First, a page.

Over the last few decades, almost every industry has been disrupted by new technologies, the ability to use data and predict behaviour, and creation of more viable alternatives. With every disruption, the outcomes become cheaper, faster or better. To prevent users from reverting to the previous state, either two out of these three have to happen, or the change has to be addictive.
Banking and financial services are, by design, people-heavy industries because of the associated cost of failure. Since the stakes are high, the industry has relied on human judgment for decades, creating large financial institutions in the process. But to make it all faster, better and cheaper, technology is the perfect answer.
Depending on who you ask, automation, software, user experience, design, digital and sometimes even data science are clubbed into technology. Let’s break down ‘technology’ into exclusive, yet exhaustive, components as we discuss the framework for a fin-tech organisation.
In fin-tech, technology spans three key areas:
Cheaper acquisitions: The first win in fin-tech is the ability to acquire customers digitally via a website, phone call, mobile application or aggregators. This dramatically reduces the need for an on-ground force, bringing down customer acquisition cost (CAC) significantly. Besides, it enhances distribution due to the rising penetration of 4G and smartphones.
Online application forms, paperless account opening, and Internet-only banks are all proof of this concept. Use of business-to-business partnerships, social media, and digital search platforms have resulted in up to 80% CAC reduction for many new-age enterprises.
Faster processing: The next big break comes when you need to take action. Automation and low-latency communication have enabled information to flow faster than ever. Whether it is processing a payment across the issuer, acquirer and the scheme within milliseconds, or processing a loan application through real-time scoring, it is all possible now. The rise of API banking, and real-time access to CIBIL, Aadhaar, and other public and private data sources is boosting efficiency further.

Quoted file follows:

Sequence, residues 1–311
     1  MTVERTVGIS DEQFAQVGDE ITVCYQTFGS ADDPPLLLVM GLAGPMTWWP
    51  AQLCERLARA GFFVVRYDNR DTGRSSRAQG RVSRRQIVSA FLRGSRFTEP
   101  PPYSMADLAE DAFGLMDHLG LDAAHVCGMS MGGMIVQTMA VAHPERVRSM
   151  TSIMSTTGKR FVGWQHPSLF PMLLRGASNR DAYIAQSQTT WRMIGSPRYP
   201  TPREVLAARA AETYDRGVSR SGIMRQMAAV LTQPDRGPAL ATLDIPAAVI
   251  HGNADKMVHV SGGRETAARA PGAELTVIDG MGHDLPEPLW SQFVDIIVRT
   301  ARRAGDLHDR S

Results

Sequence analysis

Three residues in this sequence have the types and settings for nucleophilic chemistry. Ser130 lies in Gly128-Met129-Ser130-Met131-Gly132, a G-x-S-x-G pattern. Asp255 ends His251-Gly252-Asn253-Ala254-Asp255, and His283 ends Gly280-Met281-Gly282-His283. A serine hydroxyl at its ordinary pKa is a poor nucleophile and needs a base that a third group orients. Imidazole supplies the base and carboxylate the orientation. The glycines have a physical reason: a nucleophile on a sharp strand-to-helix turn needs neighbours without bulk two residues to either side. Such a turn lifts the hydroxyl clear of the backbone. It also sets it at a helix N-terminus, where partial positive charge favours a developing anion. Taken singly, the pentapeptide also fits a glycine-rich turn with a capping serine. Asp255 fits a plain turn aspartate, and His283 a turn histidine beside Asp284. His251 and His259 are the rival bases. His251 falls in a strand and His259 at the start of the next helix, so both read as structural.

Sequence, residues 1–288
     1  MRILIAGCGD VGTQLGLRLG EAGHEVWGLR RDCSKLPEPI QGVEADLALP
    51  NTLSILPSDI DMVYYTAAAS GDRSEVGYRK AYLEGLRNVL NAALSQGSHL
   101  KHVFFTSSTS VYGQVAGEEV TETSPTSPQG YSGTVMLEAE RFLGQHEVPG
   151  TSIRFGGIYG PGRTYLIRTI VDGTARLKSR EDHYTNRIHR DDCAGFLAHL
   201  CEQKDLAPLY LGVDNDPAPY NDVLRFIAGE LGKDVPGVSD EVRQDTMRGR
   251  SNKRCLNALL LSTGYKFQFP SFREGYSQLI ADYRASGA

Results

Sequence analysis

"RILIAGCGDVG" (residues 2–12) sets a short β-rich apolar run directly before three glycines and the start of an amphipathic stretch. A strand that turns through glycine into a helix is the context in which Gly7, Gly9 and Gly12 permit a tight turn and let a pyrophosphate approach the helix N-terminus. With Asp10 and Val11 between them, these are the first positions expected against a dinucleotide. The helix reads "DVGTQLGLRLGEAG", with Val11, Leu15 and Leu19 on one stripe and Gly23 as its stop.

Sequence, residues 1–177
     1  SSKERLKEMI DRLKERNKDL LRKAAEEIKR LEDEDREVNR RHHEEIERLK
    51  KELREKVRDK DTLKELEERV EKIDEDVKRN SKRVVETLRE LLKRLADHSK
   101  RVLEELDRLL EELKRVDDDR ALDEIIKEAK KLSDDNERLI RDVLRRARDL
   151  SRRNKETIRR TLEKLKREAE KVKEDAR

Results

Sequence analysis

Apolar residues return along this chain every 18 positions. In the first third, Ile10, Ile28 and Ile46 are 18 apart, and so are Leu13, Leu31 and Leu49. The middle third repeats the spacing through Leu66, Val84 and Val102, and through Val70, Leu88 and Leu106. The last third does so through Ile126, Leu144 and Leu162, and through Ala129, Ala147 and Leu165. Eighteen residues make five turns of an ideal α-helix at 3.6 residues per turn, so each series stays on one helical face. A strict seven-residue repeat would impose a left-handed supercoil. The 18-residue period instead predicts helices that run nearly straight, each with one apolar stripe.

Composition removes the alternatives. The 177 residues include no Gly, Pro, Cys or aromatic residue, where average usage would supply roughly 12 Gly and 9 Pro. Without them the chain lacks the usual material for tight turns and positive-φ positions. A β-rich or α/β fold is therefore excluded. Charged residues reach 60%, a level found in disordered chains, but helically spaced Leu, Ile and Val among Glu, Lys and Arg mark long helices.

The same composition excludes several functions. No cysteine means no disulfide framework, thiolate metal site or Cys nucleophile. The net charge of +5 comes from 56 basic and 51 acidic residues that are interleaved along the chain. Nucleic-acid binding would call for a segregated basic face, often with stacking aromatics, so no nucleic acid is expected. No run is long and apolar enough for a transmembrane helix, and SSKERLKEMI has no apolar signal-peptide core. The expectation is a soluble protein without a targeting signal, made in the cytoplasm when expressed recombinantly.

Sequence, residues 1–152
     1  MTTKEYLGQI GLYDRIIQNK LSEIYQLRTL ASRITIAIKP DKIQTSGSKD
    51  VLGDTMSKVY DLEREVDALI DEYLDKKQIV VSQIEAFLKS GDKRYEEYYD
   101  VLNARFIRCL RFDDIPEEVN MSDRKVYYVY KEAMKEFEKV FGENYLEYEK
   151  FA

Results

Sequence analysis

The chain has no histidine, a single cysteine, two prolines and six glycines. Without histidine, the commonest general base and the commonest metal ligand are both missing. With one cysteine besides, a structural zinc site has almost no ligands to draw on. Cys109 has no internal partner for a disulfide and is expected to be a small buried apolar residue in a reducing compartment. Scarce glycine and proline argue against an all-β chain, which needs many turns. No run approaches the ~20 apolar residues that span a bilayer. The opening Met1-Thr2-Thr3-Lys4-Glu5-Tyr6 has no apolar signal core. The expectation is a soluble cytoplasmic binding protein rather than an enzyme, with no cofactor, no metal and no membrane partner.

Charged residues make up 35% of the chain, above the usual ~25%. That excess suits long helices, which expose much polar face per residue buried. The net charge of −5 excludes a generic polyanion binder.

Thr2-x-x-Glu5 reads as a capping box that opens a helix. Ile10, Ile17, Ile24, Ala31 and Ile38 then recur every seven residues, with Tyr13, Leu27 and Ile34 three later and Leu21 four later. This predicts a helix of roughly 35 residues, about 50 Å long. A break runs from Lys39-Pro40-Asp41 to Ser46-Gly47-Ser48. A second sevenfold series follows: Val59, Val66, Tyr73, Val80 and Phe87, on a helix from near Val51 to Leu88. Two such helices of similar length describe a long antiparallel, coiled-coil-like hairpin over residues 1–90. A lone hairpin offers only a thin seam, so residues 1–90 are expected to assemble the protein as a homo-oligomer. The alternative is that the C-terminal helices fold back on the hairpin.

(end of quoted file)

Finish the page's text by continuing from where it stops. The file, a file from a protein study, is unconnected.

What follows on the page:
What took traditional banks over 3-4 days of processing can now be done in milliseconds with the correct and synchronised use of smart technological interfaces.
Before we go to the third reason, let me introduce the geek(ier) cousin of technology—data science. In order to make better decisions, they all need to work together.
Better intelligence: Human decisions are biased, subjective and not replicable or scalable as the sample size increases. The balance then shifts towards a more optimal man-machine allocation for solving a problem. Fraud-detection, credit-scoring, and default warning systems are all made possible by using data science to predict an event or identify an anomaly.
In the background, sophisticated data science applications are made possible by the availability of extreme computation capability (think distributed computing, super computers, IaaS) and technology to implement algorithms at scale (think Big data architecture, DevOps). The outcomes are mind-blowing. Not many have imagined data the way they can be decoded with the help of systematic data science techniques and intervention.
By itself, technology is not the answer to everything. It is an enabler and propeller, a golden thread that runs across the organisation to make it cheaper, faster and better. When combined with the right use case, a focused data strategy and a well-thought-through architecture, it can be a winner on many fronts.
To build a solid technology function, the three teams need to come together: product, which defines the need; engineering, which builds the software; and data science, which helps take the right decisions.
Together, these three teams can create path-breaking user experiences, enable quick decisions and reduce the risk of failure while making the unit economics work. Fin-tech companies across the world have adopted this framework to devise solutions, creating newer markets that the banking industry didn’t see for over two decades.
An alumnus of IIT Bombay and ISB Hyderabad, Abhishek Kothari is co-founder of Mumbai-based digital lending platform FlexiLoans.
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